# Lower SNR limit of Digital Voice

I’m currently working on a Digital Voice (DV) mode that will work at negative SNRs. So I started thinking about where the theoretical limits are:

1. Lets assume we have a really good rate 0.5 FEC code that approaches the Shannon Limit of perfectly correcting random bit errors up to a channel BER of 12%
2. A real-world code this good requires a FEC frame size of 1000’s of bits which will mean long latency (seconds). Lets assume that’s OK.
3. A large frame size with perfect error correction means we can use a really low bit rate speech codec that can analyse seconds of speech at a time and remove all sorts of redundant information (like silence). This will allow us to code more efficiently and lower the bit rate. Also, we only want speech quality just on the limits of intelligibility. So lets assume a 300 bit/s speech codec.
4. Using rate 0.5 FEC that’s a bit rate over the channel of 600 bit/s.
5. Lets assume QPSK on a AWGN channel. It’s possible to make a fading channel behave like a AWGN channel if we use diversity, e.g. a long code with interleaving (time diversity), or spread spectrum (frequency diversity).
6. QPSK at around 12% BER requires an Eb/No of -1dB or an Es/No of Eb/No + 3 = 2dB. If the bit rate is 600 bit/s the QPSK symbol rate is 300 symbols/s

So we have SNR = Es/No – 10*log10(NoiseBW/SymbolRate) = 2 – 10*log10(3000/300) = -8dB. Untrained operators find SSB very hard to use beneath 6dB, however I imagine many Ham contacts (especially brief exchanges of callsigns and signal reports) are made well beneath that. DV at -8dB would be completely noise free, but of low quality (e.g. a little robotic) and high latency.

For VHF applications C/No is a more suitable measurement, this is a C/No = SNR – 10*log10(3000) = 26.7dBHz (FM is a very scratchy readability 5 at around 43dBHz). That’s roughly a 20dB (100 x) power improvement over FM!

## 2 thoughts on “Lower SNR limit of Digital Voice”

1. John says:

Hi David,

From what I see on HF, SNR changes rapidly due to both propogation and QRM. So it seems to me that a CAN type of protocol might make the most sense.

Us ham radio folks like to push the transmit button and just talk, but it seems to me that interrupting the forward channel to give real-time feedback of received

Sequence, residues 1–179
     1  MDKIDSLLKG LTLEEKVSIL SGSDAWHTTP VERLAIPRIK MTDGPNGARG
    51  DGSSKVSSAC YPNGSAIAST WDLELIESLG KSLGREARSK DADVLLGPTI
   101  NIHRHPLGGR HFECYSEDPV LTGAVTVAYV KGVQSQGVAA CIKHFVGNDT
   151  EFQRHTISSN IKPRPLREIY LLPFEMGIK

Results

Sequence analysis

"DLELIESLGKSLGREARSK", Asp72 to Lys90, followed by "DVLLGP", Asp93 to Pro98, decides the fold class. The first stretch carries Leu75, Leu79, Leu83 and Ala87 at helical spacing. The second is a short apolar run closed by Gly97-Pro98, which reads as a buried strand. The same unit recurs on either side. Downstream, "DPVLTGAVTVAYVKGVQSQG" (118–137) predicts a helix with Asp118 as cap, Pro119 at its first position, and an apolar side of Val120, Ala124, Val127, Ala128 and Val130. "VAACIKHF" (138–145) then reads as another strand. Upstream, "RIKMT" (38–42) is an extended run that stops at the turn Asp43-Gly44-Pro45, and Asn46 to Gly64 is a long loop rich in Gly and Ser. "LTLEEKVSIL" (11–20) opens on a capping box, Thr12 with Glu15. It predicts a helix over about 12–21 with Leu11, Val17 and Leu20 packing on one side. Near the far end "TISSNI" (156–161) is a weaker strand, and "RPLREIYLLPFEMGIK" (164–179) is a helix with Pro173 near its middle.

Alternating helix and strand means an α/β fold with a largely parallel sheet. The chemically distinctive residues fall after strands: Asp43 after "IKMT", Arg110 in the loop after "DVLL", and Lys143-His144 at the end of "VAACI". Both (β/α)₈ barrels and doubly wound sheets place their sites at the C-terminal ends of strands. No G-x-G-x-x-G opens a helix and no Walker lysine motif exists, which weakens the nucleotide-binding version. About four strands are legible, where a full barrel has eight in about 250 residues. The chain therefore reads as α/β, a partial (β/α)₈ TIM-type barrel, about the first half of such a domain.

SNR and then adjusting the forward rate and coding to match the current channel conditions would be something well worthwhile designing in.

So the real issue becomes how slow and robust is the ‘slow’ rate? Certainly some Olivia type signal make the most sense to me.

I regularly run Linrad and feed that into FLDIGI. So I can see various types of fading real-time on the Linrad HF screen. So simple FSK seems to NOT be a good

choice for the slow rate. Maybe some sweep sort of thing. I am not sure of what sorts of ‘good’ simple decoding routines are available to look for low SNR

swept bits. But i bet some of the gurus hanging around here have some real suggestions!

Anyways, I think we could very soon have a robust low-SNR worldwide communications system for voice and data.

Pretty neat :).

John

2. Bill Cowley says:

Hi David,

With some big assumptions and quick sums I think we can go even lower!
Shannon tells us that the Eb/No limit is -1.6 dB. So C/No is then
just -1.6dB + 10*log10(300) = ~23 dBHz if you assume 300 information
bits per second. To translate that to an SNR, let’s assume 4kHz. (The
-1.6dB limit assumes infinite BW, but 4000 is still a fairly large BW
expansion for 300 bit/s.) So now SNR is 23 – 10*log10(4000) = -13dB.

Of course these numbers are unrealistic for various reasons. Apart from
all the sync issues at low SNRs, huge latency and ideal channel coding
requirement, HF is time varying and fading which makes life even more
difficult!

Regards, Bill